The sparrows have found our feeders! Granted it took minus temperatures for them to venture into our exposed garden but it’s a start. The hills behind our house were thick with snow this weekend. The trees wore strips of snow up one side of their trunks where the prevailing wind had blown it. Little Owl ignored warnings not to get too close to the edges of a frozen boggy pool. One leg went in up to her knee before Big Dreamer could catch her. She howled but I don’t think she’ll make the same mistake again.
In amongst the skeletal branches of a blackthorn bush a great tit sang out. I couldn’t see him but could hear him very well. Stephen Moss describes the plight of small birds in winter with feeling in his book Wild Hares and Hummingbirds. I am reading it as part of my new year’s resolution to get back to seasonality and simplicity. Wild Hares and Hummingbirds is subtitled The Natural History of an English Village and takes its inspiration from Gilbert White’s seminal text The Natural History of Selbourne. Much to my shame I have a beautiful illustrated version of White’s book but have only ever managed to get about a quarter of the way into it. I need to give it another go. Wild Hares and Hummingbirds is much more readable and in it Moss looks in depth at the wildlife of his home parish of Mark, in Somerset, a chapter for each month of the year.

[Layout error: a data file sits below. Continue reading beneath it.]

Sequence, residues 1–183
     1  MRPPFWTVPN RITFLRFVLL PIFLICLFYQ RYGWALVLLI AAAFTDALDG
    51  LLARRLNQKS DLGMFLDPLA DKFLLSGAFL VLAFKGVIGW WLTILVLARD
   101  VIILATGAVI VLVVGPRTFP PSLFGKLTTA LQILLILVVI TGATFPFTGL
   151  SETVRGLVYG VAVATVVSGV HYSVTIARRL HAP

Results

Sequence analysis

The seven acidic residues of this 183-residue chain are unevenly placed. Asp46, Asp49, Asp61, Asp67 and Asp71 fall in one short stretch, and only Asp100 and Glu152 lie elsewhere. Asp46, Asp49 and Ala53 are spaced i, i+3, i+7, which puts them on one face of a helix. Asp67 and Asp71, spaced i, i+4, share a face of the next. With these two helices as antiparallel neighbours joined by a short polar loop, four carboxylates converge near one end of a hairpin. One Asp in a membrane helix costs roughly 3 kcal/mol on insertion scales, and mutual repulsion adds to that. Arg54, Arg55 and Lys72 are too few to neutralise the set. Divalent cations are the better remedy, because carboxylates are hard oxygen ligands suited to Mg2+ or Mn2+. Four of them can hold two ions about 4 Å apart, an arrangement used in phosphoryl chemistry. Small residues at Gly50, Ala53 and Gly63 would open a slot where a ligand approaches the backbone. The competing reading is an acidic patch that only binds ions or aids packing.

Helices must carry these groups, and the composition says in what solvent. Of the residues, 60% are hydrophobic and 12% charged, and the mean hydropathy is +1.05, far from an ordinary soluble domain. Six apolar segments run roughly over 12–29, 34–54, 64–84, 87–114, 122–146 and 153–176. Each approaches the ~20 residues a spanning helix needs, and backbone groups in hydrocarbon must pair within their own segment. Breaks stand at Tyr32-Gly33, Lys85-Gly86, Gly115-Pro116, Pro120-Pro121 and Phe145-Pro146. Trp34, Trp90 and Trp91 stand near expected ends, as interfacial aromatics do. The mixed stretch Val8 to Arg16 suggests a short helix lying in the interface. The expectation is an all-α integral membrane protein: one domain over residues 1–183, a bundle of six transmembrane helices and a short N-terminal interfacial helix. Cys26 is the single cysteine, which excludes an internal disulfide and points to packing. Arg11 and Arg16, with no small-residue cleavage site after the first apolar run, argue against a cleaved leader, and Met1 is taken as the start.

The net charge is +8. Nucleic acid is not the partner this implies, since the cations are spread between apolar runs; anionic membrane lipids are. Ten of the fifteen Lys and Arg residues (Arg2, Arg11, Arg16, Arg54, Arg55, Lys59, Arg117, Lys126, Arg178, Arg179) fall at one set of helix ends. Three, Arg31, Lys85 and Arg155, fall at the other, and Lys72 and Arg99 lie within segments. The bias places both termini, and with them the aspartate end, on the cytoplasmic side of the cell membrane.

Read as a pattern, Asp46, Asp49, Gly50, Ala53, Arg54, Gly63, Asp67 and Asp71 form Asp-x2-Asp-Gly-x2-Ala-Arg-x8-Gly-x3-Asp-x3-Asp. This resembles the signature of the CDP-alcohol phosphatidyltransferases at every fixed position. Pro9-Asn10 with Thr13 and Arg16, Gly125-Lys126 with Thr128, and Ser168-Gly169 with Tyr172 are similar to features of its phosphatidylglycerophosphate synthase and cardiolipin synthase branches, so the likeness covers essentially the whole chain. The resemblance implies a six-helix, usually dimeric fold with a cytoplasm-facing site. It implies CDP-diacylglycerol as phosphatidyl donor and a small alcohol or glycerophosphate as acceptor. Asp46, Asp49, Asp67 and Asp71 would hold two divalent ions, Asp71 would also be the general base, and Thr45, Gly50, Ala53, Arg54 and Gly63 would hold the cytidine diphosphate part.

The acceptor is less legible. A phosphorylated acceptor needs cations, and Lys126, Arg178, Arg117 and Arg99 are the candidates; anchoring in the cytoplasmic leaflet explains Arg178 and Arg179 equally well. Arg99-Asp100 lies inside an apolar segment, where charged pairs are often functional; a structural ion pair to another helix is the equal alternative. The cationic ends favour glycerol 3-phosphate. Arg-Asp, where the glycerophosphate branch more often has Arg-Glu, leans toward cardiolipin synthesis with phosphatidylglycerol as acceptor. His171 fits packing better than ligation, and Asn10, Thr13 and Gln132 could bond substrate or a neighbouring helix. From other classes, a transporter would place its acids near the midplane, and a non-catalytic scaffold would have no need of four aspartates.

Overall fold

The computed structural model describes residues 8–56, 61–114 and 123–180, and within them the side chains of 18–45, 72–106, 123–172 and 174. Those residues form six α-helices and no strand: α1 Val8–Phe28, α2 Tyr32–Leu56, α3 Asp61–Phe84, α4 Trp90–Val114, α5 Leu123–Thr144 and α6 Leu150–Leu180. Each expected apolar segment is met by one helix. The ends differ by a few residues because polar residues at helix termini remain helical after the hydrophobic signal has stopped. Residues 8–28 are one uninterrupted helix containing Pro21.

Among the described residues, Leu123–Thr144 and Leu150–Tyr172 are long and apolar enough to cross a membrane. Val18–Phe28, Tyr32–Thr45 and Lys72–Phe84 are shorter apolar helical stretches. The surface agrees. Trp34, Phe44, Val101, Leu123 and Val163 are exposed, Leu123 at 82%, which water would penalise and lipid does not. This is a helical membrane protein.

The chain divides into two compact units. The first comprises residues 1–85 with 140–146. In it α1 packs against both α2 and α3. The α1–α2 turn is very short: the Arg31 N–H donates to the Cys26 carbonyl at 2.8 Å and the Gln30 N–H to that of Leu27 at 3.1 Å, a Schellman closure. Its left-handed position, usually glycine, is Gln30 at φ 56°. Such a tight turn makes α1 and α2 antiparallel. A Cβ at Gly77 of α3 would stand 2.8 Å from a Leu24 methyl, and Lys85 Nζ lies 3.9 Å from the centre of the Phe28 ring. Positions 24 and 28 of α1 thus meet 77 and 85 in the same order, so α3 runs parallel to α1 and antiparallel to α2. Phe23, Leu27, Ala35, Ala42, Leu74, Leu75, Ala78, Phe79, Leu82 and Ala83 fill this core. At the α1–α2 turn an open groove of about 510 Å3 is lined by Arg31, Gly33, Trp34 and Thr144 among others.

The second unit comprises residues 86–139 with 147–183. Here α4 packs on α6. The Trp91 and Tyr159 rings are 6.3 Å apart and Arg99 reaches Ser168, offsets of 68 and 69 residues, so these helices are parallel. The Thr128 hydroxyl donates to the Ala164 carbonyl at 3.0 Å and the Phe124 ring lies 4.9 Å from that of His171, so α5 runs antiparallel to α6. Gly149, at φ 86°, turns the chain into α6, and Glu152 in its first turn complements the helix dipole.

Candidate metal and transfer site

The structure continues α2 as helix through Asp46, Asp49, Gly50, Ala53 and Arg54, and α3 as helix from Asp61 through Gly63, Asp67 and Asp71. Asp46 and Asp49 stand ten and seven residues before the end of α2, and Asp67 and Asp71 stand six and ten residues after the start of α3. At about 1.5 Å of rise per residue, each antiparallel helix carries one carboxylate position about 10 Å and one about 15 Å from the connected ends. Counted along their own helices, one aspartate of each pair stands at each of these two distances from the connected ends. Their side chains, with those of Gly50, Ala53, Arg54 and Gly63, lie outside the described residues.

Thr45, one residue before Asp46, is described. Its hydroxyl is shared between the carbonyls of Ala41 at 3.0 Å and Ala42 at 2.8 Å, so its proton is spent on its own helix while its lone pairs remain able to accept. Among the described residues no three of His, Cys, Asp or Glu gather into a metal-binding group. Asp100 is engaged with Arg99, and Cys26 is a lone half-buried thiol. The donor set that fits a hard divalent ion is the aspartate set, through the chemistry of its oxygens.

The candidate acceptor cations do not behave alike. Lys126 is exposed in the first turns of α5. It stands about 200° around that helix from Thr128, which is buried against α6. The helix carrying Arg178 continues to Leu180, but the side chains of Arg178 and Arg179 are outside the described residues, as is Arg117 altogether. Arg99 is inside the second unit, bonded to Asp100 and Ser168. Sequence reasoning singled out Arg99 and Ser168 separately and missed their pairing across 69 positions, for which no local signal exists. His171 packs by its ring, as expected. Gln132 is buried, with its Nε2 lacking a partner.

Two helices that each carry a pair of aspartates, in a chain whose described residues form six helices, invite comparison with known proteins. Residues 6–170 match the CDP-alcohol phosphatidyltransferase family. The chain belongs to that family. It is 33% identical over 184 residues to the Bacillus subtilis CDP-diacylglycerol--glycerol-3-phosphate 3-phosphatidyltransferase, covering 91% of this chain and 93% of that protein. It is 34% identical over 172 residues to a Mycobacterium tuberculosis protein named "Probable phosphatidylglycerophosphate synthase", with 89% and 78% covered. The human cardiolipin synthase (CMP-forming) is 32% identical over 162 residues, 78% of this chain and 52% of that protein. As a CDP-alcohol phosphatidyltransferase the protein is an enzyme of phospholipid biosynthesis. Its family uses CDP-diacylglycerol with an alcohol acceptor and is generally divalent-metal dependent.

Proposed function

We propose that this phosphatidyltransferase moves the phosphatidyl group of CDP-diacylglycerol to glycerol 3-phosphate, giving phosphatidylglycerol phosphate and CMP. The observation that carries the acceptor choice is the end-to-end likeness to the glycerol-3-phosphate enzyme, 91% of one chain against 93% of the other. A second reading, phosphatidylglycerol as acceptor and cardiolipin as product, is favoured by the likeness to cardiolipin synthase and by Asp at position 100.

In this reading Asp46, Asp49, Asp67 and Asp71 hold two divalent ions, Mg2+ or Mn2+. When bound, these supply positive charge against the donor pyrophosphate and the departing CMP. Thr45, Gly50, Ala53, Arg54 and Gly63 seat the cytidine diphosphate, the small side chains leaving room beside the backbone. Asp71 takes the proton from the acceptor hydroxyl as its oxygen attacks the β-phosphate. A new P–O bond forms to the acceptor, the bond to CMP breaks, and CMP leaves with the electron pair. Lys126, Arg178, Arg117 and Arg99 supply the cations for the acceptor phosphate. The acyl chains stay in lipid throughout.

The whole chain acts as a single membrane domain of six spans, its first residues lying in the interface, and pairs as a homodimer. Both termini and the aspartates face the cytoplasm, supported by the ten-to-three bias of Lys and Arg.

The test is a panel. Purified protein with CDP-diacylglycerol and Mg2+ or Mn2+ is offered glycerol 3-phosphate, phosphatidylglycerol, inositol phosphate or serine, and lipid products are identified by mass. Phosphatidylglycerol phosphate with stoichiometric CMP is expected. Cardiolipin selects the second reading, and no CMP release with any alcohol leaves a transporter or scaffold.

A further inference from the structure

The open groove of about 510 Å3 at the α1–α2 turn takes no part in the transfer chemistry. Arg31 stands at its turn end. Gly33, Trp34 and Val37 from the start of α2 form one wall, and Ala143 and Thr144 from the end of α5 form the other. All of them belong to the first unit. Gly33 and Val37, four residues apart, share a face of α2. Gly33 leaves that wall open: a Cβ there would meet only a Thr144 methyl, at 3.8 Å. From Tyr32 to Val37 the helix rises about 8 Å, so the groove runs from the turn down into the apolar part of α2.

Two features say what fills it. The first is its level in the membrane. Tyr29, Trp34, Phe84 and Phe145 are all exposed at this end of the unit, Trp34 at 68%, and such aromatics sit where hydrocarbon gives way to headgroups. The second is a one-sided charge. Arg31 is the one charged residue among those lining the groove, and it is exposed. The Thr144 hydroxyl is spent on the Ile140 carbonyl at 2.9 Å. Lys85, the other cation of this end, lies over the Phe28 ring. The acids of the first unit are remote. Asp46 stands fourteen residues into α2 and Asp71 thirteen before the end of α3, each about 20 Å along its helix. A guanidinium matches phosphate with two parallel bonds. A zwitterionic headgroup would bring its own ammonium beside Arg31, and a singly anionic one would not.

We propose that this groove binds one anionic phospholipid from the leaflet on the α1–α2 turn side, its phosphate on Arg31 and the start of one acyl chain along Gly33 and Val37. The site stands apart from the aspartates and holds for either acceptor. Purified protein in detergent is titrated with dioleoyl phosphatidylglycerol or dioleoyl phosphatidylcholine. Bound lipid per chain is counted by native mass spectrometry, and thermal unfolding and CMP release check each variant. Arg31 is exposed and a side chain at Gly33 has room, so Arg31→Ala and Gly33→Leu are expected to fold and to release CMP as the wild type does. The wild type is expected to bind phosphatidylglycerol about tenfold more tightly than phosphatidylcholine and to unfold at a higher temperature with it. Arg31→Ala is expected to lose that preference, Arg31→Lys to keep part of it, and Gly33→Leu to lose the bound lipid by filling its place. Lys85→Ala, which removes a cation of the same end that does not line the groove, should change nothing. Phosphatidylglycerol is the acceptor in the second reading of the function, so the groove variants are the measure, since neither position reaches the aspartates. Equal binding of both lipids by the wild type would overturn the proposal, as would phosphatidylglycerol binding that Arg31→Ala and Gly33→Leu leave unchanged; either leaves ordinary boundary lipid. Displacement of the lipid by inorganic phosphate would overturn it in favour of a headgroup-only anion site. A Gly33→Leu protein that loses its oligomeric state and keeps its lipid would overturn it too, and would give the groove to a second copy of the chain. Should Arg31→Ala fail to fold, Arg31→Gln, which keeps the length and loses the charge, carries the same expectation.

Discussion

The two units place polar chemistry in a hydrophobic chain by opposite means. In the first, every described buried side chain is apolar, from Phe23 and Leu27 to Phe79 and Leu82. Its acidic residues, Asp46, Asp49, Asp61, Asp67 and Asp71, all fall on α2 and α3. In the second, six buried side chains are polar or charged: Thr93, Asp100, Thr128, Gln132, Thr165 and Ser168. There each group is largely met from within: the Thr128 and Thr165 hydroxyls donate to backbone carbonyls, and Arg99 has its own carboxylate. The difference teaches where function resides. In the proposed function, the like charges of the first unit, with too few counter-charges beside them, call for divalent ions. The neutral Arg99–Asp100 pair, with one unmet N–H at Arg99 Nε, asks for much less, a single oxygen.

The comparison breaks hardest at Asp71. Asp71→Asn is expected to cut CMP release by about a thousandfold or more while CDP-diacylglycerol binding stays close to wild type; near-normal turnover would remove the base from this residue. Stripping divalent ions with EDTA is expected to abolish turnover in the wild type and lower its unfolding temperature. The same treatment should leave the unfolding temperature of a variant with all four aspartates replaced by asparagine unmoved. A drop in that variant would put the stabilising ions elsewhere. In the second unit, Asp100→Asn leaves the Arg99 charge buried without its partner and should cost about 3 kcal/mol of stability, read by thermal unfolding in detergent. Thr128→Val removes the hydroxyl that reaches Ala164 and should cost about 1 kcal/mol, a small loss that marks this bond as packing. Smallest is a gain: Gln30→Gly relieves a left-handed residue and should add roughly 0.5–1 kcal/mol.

It probably isn’t often that a Somerset winter has much in common with a Scottish one, but Moss takes a year that sees the UK in the grip of the worst winter for 30 years, so as I delved into the first chapter, the snow-covered Somerset levels were matched by a thick blanket of snow outside. It’s funny how seeing the frozen landscape of Moss’ home parish through his eyes gave me new eyes to see my own surroundings. I loved the way he talked about the snow acting like a natural uplighter, bringing a brilliant clarity to the features of familiar species. He talks about the Norman church in Mark, and the yews there being home to the tiny goldcrest, who survives winter on the thousands of minute insects that live on them. Moss says that yews have long been associated with sacred ground because of their longevity (they are some of the most ancient living things in the UK) and the poisonous quality of their leaves and berries, which discouraged grazing on church grounds. On the school run, we pass a ruined church that dates back to the 1220s. This morning the yews stood out in all their dense green darkness as if I had never seen them before. I wondered if there might be a gold crest somewhere nearby.
As we headed up the hill to school Little Owl suddenly pointed upwards. “The birds are making a ‘s’ Mummy,” she called. Against the clear blue sky there was a skein of birds, so high up it was impossible to tell what they were, but for all the world like a beautiful hand-written ‘s’ that flowed and coiled with their movement. I love that she’s noticing nature in action around her. I’m enjoying keeping my new year’s resolution but it’s all the better for sharing.